How cheerfully on the false trail they cry!
O, this is counter, you false Danish dogs!
[A noise within.]
The doors are broke.
[Enter Laertes, armed; Danes following.]
Where is this king? — Sirs, stand you all without.
No, let's come in.
I pray you, give me leave.
We will, we will.
[They retire without the door.]
I thank you: — keep the door. — O thou vile king,
Give me my father!
Calmly, good Laertes.
That drop of blood that's calm proclaims me bastard;
Cries cuckold to my father; brands the harlot
Even here, between the chaste unsmirched brow
Of my true mother.
What is the cause, Laertes,
That thy rebellion looks so giant-like? —
Let him go, Gertrude; do not fear our person:
There's such divinity doth hedge a king,
That treason can but peep to what it would,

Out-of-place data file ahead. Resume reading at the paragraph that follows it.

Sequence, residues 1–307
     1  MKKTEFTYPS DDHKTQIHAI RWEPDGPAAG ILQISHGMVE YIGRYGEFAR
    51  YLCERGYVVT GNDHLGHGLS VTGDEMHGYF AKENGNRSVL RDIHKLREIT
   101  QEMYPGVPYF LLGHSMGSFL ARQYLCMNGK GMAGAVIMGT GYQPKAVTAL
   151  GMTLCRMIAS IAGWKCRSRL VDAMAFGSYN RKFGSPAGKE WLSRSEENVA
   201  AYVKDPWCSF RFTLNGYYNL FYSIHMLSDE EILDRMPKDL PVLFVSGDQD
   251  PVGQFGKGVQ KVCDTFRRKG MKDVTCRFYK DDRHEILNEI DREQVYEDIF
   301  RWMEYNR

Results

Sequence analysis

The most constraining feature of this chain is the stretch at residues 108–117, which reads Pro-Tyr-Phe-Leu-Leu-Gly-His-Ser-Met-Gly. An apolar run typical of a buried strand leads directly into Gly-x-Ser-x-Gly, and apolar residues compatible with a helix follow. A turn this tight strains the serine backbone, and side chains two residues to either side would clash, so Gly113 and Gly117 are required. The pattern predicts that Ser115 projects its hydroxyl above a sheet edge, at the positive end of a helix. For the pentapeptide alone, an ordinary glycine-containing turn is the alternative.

Acts little of his will. — Tell me, Laertes,
Why thou art thus incens'd. — Let him go, Gertrude: —
Where is my father?
But not by him.
Let him demand his fill.
How came he dead? I'll not be juggled with:
To hell, allegiance! vows, to the blackest devil!
Conscience and grace, to the profoundest pit!
I dare damnation: — to this point I stand, —
That both the worlds, I give to negligence,
Let come what comes; only I'll be reveng'd
Most throughly for my father.
Who shall stay you?
My will, not all the world:
And for my means, I'll husband them so well,
They shall go far with little.
If you desire to know the certainty
Of your dear father's death, is't writ in your revenge
That, sweepstake, you will draw both friend and foe,
Winner and loser?
None but his enemies.
Will you know them then?
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